In a move that bears more than a passing similarity to Woody Allen's movie "Sleeper," where scientists try to clone a dead dictator from his nose, researchers at CUMC and MIT have cloned a mouse from its olfactory neurons.
It's the first time that post-mitotic cells, highly specialized cells that no longer divide, have been used to produce a clone.
The study was the result of a collaboration between the labs of Dr. Richard Axel, University Professor of Biochemistry & Molecular Biophysics and Pathology in the Center for Neurobiology and Behavior, and Dr. Rudolf Jaenisch of the Whitehead Institute for Biomedical Research at MIT, who realized two different questions about development could be answered by one cloning experiment. Their results were published in the March 4 issue of Nature.
During cloning, the nucleus from an adult cell is placed into an egg cell whose nucleus has been removed. The egg is able to erase any changes to the adult cell's chromosomes, returning the chromosomes to a nascent state needed before the clone can develop.
Until now, researchers could only make clones from skin or other cells that can divide. The failures with post-mitotic cells led people to believe that nondividing cells have irreversible changes in their chromosomes that cannot be erased by the egg. Irreversible changes may be caused by additions to chromosomes that can't be removed or DNA rearrangements that remove or scramble parts of chromosomes.
The new experiments show those beliefs were mistaken. By successfully cloning mice from nondividing cells, the researchers demonstrated that any changes to chromosomes in highly specialized, post-mitotic cells are reversible or do not interfere with development of a live mouse.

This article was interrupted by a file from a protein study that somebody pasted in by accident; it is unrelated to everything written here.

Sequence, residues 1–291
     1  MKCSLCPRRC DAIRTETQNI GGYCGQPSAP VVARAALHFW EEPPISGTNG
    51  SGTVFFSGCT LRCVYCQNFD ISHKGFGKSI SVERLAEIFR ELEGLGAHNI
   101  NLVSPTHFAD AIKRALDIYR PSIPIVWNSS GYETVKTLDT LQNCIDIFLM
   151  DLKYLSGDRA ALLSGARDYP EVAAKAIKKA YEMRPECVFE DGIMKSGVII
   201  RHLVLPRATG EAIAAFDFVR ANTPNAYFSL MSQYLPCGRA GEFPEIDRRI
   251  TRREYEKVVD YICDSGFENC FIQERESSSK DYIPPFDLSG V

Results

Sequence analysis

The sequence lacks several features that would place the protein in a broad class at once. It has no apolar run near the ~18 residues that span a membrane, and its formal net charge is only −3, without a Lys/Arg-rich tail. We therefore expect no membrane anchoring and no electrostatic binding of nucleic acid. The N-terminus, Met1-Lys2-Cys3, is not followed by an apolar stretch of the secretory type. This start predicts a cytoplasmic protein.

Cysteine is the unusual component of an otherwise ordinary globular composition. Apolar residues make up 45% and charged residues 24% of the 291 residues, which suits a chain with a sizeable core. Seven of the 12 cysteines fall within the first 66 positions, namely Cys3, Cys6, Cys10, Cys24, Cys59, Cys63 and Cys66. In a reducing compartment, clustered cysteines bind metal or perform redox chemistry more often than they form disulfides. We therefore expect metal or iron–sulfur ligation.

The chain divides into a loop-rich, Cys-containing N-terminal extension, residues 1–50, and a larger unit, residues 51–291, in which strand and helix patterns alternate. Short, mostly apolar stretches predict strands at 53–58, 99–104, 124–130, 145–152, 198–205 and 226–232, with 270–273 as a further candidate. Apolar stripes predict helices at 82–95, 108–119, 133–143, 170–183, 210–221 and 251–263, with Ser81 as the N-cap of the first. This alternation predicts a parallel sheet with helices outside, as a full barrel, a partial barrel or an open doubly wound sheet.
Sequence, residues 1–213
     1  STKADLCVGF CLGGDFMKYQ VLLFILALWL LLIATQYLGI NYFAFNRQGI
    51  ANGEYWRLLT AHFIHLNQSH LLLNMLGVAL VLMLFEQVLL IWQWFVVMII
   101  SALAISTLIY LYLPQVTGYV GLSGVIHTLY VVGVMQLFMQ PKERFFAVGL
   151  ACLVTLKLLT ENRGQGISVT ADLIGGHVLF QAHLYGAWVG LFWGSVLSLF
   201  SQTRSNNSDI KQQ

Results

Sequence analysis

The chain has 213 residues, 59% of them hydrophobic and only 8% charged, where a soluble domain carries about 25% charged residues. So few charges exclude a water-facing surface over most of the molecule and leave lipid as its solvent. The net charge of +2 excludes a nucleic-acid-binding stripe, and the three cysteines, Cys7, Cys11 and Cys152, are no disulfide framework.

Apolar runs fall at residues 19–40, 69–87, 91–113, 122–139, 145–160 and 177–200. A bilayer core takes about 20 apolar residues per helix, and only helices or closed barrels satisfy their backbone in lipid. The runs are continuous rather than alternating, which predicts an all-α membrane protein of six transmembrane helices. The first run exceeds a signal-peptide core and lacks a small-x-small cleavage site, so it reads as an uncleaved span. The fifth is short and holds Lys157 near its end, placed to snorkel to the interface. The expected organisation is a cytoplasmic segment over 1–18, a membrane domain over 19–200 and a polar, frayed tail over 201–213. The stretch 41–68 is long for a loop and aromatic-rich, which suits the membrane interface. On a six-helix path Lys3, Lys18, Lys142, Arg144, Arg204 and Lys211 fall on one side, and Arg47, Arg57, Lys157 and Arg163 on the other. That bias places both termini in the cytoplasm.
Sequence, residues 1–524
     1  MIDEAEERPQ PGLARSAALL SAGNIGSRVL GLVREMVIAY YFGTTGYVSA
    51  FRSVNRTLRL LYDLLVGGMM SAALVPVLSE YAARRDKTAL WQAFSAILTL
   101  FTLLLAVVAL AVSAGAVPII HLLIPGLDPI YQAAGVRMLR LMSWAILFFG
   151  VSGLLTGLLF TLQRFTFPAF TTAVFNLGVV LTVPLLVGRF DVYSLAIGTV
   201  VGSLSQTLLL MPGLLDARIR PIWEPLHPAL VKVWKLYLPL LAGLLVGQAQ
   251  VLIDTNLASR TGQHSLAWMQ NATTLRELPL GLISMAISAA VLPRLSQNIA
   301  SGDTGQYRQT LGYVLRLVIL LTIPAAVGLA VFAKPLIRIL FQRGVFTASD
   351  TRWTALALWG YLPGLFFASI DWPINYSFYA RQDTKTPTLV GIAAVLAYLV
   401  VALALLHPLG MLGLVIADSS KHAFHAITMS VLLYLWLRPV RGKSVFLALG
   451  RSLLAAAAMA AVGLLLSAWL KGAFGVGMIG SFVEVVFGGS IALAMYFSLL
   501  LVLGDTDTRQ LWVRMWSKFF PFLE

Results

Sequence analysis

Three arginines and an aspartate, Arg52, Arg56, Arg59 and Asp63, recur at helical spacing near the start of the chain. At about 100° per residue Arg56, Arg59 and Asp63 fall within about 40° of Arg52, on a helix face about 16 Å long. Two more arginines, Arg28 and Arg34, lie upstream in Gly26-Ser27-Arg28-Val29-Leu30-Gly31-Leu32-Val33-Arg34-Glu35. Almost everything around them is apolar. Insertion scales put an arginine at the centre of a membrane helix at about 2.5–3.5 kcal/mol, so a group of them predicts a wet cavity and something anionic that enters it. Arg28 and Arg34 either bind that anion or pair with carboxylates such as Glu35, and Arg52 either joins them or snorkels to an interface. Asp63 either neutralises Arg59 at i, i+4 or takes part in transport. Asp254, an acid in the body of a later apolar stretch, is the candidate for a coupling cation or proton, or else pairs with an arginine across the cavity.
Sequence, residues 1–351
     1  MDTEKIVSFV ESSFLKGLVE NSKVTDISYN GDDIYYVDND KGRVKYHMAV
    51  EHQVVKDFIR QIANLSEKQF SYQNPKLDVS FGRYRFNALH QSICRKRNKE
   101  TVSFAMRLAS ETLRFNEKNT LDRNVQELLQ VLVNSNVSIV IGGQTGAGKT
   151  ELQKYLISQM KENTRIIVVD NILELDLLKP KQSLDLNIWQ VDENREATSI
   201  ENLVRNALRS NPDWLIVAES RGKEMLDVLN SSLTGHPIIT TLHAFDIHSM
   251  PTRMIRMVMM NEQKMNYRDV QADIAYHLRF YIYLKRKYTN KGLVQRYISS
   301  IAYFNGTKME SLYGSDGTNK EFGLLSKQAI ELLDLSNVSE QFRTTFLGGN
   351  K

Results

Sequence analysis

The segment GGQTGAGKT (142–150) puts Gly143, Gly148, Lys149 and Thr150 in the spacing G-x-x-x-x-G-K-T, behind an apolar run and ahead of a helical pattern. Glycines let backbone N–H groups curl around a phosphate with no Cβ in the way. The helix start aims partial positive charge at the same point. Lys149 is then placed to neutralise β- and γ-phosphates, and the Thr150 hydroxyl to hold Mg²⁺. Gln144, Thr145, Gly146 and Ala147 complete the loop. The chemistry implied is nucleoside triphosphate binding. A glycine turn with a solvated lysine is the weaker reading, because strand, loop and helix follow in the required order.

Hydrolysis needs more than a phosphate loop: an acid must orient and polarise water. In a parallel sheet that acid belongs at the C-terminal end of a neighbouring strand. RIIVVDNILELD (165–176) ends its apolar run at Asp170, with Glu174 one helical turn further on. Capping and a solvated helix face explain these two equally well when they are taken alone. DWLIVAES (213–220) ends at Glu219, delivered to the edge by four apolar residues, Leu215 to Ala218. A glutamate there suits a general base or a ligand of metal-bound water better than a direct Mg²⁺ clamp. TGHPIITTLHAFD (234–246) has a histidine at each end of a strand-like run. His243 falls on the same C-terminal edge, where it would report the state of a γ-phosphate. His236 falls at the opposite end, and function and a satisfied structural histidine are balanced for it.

The finding will now allow researchers to focus on how the egg reprograms the genetic material during cloning, Dr. Jaenisch says. Insights from those studies could be applied to the study of cancer cells, which also reprogram genetic material to turn mature cells into undifferentiated ones.
The findings also answer a question posed by Dr. Axel about how an organism makes a wide variety of neurons. Some scientists have suggested that neuron precursors generate diversity the same way the immune system creates billions of different antibodies: by rearranging pieces of DNA.
The shuffling mechanism is particularly appealing as an explanation for the diversity of olfactory neurons. Each olfactory neuron expresses just one kind of odor receptor, but the choice of receptor seems to be random. The randomness suggested DNA rearrangement was involved in making the choice, since it's the easiest way for the cell to produce random results.
Cloning a mouse from an olfactory neuron was the only way to see if the shuffling hypothesis was correct. If so, all olfactory neurons in a cloned mouse would express the same odor receptor and the mouse would have a very limited sense of smell.
All 40 cloned mice, however, developed normally, with 2 million olfactory neurons expressing a wide variety of odor receptors.
"Now we'll have to go back and find out what mechanisms generate the diversity of olfactory neurons," says one of the lead authors, Dr. Kristin Baldwin, associate research scientist in the Center for Neurobiology and Behavior and Dr. Richard Axel's lab. "Clearly, it's not DNA rearrangement."